The 21 million refugees who have crossed international borders in search of safety share an unenviable, well-founded fear of remaining in their home countries, as well as a common hope for leading a safe life with dignity. While heart-wrenching photos and stories from the field have helped the refugee crisis spark sympathy, there is still too little focus on longer-term solutions.
Emergency relief and compassion alone are simply inadequate when the reality is that the average time before the long-term displaced refugees can return to their home is now 26 years. The world is facing the largest mass displacement on record since World War II and traditional aid systems are stretched beyond capacity. As President Obama hosts world leaders who are making significant new commitments this week, the private sector in particular needs to step up to the plate in much more significant ways.
Fewer than 1,000 companies control 80 percent of the global wealth, yet they have been much less engaged than both governments and NGOs in addressing the refugee crisis. That’s why in June, the White House announced a Call to Action for the U.S. private sector to stand with the Administration and make new, measurable and significant commitments that will have a durable impact on refugees residing in countries on the front lines of the global refugee crisis and in countries of resettlement. In issuing the call, the White House recognized that real innovation happens when the public, private and NGO sectors come together to address a problem.
By taking a stand and pledging much-needed aid in the global refugee crisis, companies also face an important opportunity to align their business values and core competencies with real-world issues by advocating for refugee solutions. Employees expect the places they work to be forces for good, customers want to support brands that shine brighter than others because they stand for something, and investors are looking for innovative talent approaches. There are many bright minds and committed workers among refugees and displaced people that can be a valuable part of companies’ talent pools if companies provide the right support and work with local governments to ensure that refugees are employable.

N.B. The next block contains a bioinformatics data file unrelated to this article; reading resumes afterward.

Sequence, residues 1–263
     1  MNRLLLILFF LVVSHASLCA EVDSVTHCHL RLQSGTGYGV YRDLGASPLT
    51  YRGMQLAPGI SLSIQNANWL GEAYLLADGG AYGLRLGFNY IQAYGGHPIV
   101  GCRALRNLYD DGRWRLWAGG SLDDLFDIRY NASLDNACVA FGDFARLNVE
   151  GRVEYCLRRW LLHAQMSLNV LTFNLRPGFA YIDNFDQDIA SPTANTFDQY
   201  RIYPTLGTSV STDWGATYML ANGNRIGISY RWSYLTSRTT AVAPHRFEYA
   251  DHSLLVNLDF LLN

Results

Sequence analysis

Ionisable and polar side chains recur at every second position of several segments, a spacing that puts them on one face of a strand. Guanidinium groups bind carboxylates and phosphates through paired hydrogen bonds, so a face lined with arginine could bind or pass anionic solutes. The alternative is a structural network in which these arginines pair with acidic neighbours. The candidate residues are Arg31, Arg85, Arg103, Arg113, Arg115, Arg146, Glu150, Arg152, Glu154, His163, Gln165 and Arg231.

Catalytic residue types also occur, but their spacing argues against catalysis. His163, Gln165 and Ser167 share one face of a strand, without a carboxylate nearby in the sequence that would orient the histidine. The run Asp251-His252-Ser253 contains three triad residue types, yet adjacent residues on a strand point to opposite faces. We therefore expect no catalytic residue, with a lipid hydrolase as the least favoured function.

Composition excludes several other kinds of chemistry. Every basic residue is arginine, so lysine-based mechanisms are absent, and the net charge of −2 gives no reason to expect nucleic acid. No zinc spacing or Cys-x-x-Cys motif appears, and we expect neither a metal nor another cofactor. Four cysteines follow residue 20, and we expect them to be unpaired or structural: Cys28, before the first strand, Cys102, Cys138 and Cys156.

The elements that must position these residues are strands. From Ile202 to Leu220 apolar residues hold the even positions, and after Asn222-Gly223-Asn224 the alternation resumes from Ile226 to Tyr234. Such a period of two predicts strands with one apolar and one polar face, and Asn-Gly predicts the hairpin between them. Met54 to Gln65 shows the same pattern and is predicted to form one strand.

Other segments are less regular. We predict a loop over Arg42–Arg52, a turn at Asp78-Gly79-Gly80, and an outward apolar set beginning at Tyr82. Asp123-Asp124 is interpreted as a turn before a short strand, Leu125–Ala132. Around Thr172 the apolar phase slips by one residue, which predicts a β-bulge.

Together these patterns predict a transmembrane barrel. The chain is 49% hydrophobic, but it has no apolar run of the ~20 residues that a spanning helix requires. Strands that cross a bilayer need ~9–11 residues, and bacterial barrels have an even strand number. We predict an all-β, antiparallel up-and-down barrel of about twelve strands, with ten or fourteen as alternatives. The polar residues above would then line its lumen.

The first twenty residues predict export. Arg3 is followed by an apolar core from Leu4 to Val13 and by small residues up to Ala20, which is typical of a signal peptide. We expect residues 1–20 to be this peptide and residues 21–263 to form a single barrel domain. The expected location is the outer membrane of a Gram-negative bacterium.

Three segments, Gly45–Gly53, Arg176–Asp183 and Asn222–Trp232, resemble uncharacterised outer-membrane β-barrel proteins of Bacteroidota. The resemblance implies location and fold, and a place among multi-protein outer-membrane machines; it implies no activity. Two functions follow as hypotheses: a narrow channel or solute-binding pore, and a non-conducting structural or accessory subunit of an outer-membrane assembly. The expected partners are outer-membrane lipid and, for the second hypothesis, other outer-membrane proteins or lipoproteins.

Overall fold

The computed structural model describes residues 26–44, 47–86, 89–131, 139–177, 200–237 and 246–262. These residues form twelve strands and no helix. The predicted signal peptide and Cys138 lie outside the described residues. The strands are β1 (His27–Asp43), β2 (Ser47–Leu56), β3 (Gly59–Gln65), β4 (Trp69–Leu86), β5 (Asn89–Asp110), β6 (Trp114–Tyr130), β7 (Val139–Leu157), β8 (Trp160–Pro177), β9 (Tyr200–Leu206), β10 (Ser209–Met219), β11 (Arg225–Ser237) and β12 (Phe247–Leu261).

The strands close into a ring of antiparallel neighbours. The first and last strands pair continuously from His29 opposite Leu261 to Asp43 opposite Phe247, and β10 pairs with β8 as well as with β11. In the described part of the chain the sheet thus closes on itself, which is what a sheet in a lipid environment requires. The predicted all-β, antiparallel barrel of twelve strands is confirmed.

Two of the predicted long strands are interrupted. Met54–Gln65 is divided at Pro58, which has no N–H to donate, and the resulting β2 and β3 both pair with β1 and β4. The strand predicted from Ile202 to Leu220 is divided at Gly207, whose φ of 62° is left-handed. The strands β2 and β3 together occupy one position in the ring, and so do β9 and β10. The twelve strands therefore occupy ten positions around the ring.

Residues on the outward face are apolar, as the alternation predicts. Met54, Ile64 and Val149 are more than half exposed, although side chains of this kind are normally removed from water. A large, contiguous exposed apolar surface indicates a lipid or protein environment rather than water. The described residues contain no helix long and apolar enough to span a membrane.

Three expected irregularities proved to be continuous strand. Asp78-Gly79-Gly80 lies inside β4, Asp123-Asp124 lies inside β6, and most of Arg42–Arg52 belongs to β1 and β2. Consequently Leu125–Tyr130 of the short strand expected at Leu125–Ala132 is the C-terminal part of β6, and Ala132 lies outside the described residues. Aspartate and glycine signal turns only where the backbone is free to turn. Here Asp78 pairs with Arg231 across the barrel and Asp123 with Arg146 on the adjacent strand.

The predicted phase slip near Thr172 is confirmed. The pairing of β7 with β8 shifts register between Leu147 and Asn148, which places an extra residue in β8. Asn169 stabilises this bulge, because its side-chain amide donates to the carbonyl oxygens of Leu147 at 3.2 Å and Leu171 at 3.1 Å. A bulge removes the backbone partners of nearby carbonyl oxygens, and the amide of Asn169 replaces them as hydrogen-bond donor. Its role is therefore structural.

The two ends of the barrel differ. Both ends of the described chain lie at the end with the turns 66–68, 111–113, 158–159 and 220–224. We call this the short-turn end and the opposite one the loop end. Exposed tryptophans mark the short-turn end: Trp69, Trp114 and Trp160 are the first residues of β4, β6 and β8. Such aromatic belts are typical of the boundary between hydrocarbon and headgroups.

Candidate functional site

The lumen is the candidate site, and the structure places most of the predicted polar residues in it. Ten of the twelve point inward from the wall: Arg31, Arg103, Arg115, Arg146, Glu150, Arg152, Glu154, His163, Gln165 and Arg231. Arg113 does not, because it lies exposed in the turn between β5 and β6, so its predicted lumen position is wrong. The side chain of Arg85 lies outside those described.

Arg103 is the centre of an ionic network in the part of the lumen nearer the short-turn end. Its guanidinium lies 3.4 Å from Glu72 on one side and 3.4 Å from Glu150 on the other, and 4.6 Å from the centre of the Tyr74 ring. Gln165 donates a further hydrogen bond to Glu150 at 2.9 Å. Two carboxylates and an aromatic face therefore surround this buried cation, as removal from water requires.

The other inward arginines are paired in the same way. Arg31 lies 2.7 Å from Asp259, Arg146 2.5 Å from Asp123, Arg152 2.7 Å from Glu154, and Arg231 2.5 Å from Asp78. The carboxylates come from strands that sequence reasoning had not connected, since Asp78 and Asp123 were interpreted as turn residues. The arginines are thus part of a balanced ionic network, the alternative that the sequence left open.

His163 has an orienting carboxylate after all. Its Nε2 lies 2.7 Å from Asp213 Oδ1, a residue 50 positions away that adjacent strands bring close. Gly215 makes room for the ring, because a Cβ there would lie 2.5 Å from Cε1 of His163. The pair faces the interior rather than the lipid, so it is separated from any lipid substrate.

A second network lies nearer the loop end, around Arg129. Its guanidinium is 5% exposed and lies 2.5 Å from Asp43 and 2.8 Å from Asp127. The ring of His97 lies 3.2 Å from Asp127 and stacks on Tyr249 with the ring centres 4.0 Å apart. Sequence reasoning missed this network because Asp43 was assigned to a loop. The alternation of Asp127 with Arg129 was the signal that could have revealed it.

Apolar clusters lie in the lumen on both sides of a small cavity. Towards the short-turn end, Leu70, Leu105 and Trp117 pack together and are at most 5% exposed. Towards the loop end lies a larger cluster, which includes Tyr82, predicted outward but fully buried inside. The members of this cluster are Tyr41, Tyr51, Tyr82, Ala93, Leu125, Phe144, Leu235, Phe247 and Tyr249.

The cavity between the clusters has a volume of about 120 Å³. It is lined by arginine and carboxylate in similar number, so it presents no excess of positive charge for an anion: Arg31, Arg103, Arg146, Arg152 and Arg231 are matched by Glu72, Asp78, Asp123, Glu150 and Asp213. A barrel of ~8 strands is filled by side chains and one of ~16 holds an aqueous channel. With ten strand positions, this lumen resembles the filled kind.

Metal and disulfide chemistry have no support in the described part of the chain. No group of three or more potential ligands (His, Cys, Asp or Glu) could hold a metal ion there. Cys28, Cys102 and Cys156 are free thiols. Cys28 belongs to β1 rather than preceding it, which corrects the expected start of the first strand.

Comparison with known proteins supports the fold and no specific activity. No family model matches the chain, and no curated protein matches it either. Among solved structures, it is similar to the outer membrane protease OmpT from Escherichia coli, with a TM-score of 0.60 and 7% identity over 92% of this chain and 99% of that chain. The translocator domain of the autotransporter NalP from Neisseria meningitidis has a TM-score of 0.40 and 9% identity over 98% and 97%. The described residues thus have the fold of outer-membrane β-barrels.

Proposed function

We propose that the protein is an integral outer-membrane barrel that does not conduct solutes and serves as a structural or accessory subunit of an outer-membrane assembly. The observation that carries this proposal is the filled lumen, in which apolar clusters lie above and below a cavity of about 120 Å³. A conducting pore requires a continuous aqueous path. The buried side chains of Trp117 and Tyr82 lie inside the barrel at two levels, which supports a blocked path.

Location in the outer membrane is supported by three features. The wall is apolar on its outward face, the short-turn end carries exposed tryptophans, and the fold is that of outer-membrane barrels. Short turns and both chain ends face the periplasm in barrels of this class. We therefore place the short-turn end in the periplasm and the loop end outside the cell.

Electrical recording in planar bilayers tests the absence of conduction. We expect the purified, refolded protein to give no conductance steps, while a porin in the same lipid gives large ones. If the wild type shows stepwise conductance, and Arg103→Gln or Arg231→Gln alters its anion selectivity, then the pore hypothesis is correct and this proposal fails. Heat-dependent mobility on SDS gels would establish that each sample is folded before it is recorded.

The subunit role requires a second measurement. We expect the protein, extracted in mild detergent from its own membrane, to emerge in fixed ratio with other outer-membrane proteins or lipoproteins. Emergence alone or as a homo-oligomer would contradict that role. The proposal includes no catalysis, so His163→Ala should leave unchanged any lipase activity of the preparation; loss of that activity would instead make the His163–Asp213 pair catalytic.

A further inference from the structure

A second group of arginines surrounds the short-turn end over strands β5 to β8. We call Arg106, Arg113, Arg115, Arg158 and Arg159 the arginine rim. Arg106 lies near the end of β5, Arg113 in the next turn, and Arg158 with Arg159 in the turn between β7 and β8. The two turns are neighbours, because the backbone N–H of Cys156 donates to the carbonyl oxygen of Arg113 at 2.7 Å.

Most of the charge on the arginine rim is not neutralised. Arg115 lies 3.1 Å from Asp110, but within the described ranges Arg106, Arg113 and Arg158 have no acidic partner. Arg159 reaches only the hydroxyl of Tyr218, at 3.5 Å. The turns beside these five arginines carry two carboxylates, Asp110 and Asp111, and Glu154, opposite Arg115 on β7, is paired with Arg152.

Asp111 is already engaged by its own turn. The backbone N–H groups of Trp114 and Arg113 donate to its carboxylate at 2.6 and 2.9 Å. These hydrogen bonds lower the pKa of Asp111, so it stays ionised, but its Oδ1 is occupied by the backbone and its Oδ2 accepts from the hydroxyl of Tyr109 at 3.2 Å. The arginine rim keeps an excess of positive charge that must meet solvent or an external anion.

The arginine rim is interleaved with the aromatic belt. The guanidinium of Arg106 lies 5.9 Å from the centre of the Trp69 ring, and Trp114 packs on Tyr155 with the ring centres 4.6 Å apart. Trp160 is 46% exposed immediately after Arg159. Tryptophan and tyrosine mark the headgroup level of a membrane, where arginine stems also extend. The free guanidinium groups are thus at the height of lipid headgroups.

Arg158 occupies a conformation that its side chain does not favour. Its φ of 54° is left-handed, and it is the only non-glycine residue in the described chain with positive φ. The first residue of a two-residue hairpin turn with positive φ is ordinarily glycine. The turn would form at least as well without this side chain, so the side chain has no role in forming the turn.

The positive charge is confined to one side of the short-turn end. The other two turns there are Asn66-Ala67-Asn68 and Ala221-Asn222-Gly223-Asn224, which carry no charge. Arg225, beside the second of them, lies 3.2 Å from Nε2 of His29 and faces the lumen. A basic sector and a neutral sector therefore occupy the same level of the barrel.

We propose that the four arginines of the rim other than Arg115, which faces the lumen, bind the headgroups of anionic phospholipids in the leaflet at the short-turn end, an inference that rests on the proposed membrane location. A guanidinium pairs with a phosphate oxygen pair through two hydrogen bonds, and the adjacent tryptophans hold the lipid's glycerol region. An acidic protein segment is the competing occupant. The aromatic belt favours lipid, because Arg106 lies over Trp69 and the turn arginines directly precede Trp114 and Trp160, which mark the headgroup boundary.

While taking a stand is one piece of the puzzle, leading companies can also utilize their core business competencies to help address the refugee crisis. This includes providing access to quality education and employment opportunities for those who need it most. A United Nations High Commission for Refugees (UNHCR) report showed that only 50 percent of refugee children enroll in primary education, 25 percent enroll in secondary school, and only 1 percent enroll in a college or university. Companies can also utilize technology platforms to create quality long-distance learning programs and experiences for children and adults. As we all know, education lays the foundation for tomorrow’s workforce.
The needs are great, and so companies are banding together. We are working with Microsoft, Intel and the NGO Digital Promise to bring cutting-edge education solutions to bear through HP Learning Studios in countries including Jordan and Lebanon. Learning Studios have already been deployed in 60 locations across 10 countries, but these are the first to specifically focus on helping refugee youth and adults acquire knowledge and skills. Equipped with hardware, software and teacher training services, these centers are enabling refugees to learn core skills and concepts that can enable them to be prepared for in-demand freelancing and e-commerce jobs to improve their livelihoods and futures in the near-term. There are millions of refugees that have valuable skills that companies like ours can tap into, in turn enabling them to accumulate work experience and savings.
Refugees face extreme helplessness when they have sacrificed their homes, livelihoods, families and friends to find safety. With borders tightening and conflicts enduring, many people do not have the option to return home or start new lives elsewhere. As business leaders who understand that but for the turn of fate we, too, might be crossing seas and rough terrain to save our families, we must find ways to provide hope for refugees who are looking for paths to viable futures. Fifteen companies answered the initial White House call, and now the tally is up to 50 companies, but we need thousands more to help us support the millions who want to learn, work and contribute to society despite their status as refugees. Join the White House call to action by donating technologies and other in-kind donations, providing training and tapping refugee talent to meet your business needs and demonstrate your business values.
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